One look at Natalie Chan’s bio and it’s clear she’s the type of person who thrives on change and adventure. The 32-year-old founder of OWN Academy, an “innovative education solution for the 21st century”, was born and raised in Hong Kong, attended boarding school and university in the United States, travelled by road from London to Mongolia at 26, worked in IT and human-capital consulting, and recently produced a documentary reality series called Dream On.
“Actually, for the past four years, I’ve had ‘producer of change’ as the title on my business card,” she says when asked to describe her current role. “I really see myself as wanting to impact people through inspiration, giving them purpose in their lives, and [showing] how that can influence them to think bigger than themselves. And to realise there are so many problems in the world, and if we can just think about solving those problems rather than solving our own problems, the world would be a much better place.”
At OWN Academy, Chan brings together students and industry leaders to provide valuable real-world learning through experiential programmes such as workshops, lecture series, summer internships and personalised coaching. “I want to solve big-impact problems – not helping rich people get richer, but helping other people find their calling because I see so many of my peers who have very prestigious jobs but are just so unhappy,” she says.
“If I can only inspire young people at an earlier age, saying, ‘There are so many different paths to success. I mean, you can still make a lot of money just being the best in different fields,’ then hopefully that can set them on the course of wanting to try something different.”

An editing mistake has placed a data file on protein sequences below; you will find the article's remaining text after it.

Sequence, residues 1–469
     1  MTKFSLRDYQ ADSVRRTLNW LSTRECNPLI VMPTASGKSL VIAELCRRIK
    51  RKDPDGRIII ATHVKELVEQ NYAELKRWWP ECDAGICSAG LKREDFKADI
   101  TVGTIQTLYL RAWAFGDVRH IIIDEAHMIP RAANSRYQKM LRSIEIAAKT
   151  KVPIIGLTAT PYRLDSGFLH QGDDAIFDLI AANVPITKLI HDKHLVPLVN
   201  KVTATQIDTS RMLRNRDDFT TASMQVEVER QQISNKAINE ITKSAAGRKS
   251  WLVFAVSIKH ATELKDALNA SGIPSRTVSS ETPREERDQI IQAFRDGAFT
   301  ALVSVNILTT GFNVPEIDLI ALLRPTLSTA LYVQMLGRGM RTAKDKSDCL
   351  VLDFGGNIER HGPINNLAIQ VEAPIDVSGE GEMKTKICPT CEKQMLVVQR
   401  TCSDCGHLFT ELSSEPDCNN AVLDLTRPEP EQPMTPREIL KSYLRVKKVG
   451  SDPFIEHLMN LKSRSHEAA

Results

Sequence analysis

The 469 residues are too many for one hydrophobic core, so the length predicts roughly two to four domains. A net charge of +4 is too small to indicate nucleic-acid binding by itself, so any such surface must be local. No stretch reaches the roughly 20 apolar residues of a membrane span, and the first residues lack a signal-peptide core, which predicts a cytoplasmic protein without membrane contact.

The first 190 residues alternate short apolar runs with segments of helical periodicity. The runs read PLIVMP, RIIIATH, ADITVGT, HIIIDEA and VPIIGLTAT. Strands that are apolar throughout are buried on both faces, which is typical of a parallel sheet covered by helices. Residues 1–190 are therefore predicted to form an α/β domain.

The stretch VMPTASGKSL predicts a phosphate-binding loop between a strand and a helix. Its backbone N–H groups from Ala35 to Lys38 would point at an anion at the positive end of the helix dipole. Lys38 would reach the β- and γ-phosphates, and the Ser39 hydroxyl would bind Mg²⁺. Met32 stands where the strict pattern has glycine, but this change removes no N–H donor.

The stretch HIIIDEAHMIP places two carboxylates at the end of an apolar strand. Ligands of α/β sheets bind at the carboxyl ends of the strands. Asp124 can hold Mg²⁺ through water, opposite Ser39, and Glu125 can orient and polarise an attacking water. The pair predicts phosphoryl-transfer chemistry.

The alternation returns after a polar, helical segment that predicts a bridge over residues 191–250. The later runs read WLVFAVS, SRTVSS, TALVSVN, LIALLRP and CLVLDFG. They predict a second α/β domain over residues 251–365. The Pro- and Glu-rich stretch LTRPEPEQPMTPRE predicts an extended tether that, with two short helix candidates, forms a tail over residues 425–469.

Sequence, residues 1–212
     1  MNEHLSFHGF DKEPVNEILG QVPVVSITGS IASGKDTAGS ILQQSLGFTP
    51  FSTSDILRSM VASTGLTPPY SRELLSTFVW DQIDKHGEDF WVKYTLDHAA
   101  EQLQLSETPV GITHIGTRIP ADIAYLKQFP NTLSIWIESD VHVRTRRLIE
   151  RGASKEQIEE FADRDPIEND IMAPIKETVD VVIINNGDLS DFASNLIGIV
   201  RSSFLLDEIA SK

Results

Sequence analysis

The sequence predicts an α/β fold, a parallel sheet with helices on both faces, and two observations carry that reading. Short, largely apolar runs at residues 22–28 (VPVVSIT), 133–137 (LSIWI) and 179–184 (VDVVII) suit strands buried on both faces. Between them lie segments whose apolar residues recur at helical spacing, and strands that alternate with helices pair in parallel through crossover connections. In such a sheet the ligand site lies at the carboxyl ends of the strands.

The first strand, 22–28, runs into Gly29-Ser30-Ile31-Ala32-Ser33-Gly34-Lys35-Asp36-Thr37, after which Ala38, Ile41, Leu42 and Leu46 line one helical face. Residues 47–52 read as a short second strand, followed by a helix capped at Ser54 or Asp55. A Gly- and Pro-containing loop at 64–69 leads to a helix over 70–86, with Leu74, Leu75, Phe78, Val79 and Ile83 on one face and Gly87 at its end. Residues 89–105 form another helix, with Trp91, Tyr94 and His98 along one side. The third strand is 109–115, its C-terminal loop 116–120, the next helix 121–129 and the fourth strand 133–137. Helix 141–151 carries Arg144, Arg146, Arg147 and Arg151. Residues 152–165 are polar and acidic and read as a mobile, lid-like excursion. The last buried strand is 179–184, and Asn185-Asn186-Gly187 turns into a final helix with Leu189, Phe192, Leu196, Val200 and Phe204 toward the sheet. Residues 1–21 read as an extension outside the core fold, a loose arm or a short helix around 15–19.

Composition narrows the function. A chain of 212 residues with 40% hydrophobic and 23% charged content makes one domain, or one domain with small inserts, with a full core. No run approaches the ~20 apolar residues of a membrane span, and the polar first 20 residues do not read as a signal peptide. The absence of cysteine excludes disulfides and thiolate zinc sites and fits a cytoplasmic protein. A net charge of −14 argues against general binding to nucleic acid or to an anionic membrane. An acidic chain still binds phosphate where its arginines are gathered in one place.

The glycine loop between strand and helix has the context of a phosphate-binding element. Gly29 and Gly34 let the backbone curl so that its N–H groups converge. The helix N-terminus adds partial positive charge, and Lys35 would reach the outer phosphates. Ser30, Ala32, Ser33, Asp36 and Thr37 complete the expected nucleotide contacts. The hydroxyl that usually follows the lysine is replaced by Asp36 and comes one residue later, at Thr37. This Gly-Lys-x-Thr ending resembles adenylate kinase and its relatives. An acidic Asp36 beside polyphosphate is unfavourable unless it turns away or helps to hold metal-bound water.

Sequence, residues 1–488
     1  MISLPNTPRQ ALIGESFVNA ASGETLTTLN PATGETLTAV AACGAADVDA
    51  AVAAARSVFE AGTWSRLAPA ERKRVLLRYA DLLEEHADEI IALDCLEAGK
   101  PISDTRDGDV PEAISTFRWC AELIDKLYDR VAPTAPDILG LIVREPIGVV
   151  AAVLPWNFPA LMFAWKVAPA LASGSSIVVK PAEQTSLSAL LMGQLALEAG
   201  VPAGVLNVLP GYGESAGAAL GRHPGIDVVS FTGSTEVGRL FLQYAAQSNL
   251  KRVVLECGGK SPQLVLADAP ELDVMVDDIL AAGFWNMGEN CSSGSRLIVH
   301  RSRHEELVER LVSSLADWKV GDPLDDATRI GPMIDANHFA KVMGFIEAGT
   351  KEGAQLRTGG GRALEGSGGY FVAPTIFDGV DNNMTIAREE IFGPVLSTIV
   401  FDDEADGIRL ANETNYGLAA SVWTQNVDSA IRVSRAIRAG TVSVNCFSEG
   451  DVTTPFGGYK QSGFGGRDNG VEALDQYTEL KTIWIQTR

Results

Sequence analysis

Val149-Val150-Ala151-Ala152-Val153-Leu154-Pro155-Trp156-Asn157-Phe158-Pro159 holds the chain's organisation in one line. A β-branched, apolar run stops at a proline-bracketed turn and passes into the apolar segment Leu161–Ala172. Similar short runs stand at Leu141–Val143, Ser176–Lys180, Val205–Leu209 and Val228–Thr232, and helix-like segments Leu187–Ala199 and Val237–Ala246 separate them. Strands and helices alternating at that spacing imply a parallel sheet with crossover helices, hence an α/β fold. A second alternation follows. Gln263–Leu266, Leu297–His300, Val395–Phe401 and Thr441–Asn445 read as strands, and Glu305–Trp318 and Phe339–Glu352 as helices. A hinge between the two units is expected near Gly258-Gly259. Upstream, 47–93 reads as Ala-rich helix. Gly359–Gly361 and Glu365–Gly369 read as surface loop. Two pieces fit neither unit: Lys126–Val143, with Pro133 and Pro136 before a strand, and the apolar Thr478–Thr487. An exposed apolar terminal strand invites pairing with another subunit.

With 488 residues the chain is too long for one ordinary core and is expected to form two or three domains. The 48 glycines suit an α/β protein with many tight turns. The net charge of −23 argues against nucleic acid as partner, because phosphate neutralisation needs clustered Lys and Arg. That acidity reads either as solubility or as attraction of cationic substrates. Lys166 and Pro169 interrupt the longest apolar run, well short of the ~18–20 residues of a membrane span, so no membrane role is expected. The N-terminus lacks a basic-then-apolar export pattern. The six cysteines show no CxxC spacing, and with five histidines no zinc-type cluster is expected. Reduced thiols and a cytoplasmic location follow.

Chan first came to view “the world as our classroom” while travelling the Silk Road with her friends. “We were stopping by Turkmenistan and had a car accident,” she recalls. “You’re trying to figure out how to solve a problem in a country where you can’t speak English and they don’t understand half the things you’re trying to say. But then realising that people are still willing to help, and the people with the least amount of money are the ones who are the most willing to help. I realised that my biggest learning actually came from outside of school.”
These days OWN Academy is focusing on secondary-school students, where Chan sees the greatest need for inspiration and connection, but she has big plans for its future. “I see [OWN Academy] as a 30- year journey,” she says. “I think to really revolutionise and create a whole new education model is going to take 30 years, and I see every three years as a cycle. So we just completed our first cycle and we’re moving into the second.”
Chan also has big goals for her own life, starting with the revival of the “education accelerator” series Dream On. As someone who dresses in ethnic clothing from Pakistan, she also dreams of having her own fashion boutique as a way to spread a message of cultural understanding. Oh, and she wants to be the first woman to circumnavigate the globe in a hot-air balloon. “And then I probably just want to retire as an artist when I’m, like, 80,” she says. “I’ve been planning my pieces but, I mean, that’s something I can share later on.”
Outfit: Chan’s own | Location: Rosewood Hong Kong